OK, yes, there’s always something to see at the Art Gallery of Nova Scotia (the twin beaux art-y buildings at 1723 Hollis Street). There are the giant paintings by Kent Monkman and Norval Morriseau—two of the most important artists Canada’s ever produced—on semi-permanent display. And the plucked-from-the-hyperreal experience of visiting Maud Lewis’s house. (One look at the bright folk art covering its entire surface and you’ll get why they called her the painter who didn’t know shadows: She created an alternate world where only light existed.)
But as it stands right now, it feels like there’s more cool stuff than ever to treat your eyeballs to at the AGNS. We’ve missed the province’s landmark destination for visual culture during the pandemic closures, and it’s wasted no time during reopening showing why it was worth feeling lonesome for.
Here are the three things on view at the AGNS right now that we can’t wait to look at first.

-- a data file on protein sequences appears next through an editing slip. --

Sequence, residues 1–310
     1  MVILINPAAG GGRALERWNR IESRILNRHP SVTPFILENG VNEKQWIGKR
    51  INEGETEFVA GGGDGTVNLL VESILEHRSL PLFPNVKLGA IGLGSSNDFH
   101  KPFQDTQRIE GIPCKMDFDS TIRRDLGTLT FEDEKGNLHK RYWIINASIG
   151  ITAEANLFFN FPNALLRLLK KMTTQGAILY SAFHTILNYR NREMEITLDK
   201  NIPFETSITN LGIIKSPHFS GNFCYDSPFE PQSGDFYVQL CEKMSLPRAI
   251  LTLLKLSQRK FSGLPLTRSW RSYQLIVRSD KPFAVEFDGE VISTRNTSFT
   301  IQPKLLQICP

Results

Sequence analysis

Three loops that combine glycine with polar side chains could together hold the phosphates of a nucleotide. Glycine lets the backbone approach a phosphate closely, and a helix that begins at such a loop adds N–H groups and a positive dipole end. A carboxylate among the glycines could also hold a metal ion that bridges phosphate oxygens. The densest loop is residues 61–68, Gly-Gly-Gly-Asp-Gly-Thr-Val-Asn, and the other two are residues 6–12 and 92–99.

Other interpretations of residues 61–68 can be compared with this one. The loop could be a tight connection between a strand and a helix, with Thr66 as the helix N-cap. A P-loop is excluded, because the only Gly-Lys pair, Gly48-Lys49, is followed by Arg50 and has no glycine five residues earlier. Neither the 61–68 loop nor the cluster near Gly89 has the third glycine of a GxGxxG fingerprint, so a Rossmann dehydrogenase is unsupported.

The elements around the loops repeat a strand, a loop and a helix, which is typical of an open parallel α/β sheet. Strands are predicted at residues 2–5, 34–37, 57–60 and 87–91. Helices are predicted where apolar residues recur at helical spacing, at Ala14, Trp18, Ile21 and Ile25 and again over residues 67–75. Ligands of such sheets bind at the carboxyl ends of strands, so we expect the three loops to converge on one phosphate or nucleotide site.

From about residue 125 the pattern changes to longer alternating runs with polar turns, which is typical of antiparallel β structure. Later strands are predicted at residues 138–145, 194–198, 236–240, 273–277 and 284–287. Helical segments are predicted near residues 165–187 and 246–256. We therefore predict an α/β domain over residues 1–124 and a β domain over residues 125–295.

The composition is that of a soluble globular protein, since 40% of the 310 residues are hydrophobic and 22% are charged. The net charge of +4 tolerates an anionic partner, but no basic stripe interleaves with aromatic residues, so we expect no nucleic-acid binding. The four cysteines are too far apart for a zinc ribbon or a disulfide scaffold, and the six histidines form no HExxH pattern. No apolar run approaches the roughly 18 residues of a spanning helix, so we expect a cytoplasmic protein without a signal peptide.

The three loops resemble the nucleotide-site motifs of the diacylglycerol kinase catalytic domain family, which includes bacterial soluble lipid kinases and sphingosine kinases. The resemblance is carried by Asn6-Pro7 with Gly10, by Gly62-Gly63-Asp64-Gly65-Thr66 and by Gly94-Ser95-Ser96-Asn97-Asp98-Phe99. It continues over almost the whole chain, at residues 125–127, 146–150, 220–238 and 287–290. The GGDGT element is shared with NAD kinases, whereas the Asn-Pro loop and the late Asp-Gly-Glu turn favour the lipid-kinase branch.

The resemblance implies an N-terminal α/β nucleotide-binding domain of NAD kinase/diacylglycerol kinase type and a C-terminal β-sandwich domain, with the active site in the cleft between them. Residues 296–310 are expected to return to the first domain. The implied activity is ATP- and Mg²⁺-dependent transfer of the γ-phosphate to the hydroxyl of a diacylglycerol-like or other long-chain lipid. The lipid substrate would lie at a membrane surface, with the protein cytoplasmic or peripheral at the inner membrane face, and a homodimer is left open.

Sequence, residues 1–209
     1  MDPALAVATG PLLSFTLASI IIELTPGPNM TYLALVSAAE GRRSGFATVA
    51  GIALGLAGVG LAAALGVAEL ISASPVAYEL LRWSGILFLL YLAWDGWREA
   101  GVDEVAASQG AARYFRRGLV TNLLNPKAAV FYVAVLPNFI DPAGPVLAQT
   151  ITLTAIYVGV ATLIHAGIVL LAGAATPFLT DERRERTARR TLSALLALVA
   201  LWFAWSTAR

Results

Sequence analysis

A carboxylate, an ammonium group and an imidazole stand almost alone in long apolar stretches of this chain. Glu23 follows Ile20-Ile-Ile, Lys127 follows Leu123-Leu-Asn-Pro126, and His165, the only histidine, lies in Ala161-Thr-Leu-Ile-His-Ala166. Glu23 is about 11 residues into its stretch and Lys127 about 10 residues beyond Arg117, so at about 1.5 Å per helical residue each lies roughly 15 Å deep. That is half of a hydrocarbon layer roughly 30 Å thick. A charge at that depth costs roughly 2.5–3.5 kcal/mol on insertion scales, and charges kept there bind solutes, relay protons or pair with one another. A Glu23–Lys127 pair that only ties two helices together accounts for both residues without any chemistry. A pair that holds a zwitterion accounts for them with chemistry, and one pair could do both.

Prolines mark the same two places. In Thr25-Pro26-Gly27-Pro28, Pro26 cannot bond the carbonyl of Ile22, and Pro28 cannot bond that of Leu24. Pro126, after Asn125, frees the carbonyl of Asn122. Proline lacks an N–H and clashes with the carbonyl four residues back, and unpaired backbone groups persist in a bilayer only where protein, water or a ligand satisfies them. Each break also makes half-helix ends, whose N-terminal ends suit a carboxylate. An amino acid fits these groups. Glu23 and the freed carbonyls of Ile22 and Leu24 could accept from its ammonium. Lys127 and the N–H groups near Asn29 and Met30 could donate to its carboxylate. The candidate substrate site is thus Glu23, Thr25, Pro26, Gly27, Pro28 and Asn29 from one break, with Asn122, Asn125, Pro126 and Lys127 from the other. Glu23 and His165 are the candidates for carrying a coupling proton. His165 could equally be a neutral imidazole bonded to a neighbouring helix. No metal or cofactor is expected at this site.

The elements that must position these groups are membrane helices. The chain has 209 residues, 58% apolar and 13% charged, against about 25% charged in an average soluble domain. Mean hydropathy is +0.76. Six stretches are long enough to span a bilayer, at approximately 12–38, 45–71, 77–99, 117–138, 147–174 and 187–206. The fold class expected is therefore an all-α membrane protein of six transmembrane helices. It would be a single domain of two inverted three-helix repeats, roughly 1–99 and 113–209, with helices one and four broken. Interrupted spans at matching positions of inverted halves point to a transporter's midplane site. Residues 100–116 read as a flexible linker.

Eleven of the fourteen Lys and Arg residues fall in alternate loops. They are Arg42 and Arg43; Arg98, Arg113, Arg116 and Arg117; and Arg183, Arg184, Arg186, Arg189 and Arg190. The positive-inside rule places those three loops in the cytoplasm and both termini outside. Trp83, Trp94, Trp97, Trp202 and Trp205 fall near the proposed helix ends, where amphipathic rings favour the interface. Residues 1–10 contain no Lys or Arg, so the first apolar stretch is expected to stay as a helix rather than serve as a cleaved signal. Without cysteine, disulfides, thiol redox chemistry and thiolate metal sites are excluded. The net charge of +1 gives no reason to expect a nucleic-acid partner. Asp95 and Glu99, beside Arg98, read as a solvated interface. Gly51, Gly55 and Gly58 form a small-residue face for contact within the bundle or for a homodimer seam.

John Devlin’s drawings in Making Space
Billed as an exhibit exploring where “art and architecture intersect,” this collection of works by various artists is on at the AGNS until September 21. While we’re sure the entire show will make us think differently about what a city is and can be, we’re most excited to see the sketches of a personal utopia that have made Dartmouth’s John Devlin an international art star. Read more about Devlin and his work here.
Deanne Fitzpatrick’s revolutionary hooked rugs in The Very Mention of Home
One of the biggest names in the world of Nova Scotian rug hooking, Fitzpatrick is a lifelong innovator in the medium, credited with creating a type of stitch known as the “popcorn technique” that adds texture to rugs (and has become a hallmark of Nova Scotian rug hooking style). From her Amherst studio, she teaches folks the world over how to hook rugs—and now, her legacy is being noted by the AGNS with this retrospective.
The survey of modern art’s ability to critique in TYRANNY
A who’s who of need-to-know working artists (including Halifax’s Emily Falencki, creator of the new Blue Building Gallery on Maynard Street), this group showcase promises to “search for new and different perspectives while revealing wider truths about the world we live in” via works in sculpture, video, painting and more. It’s the sort of heady, juicy idea pollinating we’ve missed most while galleries have been closed.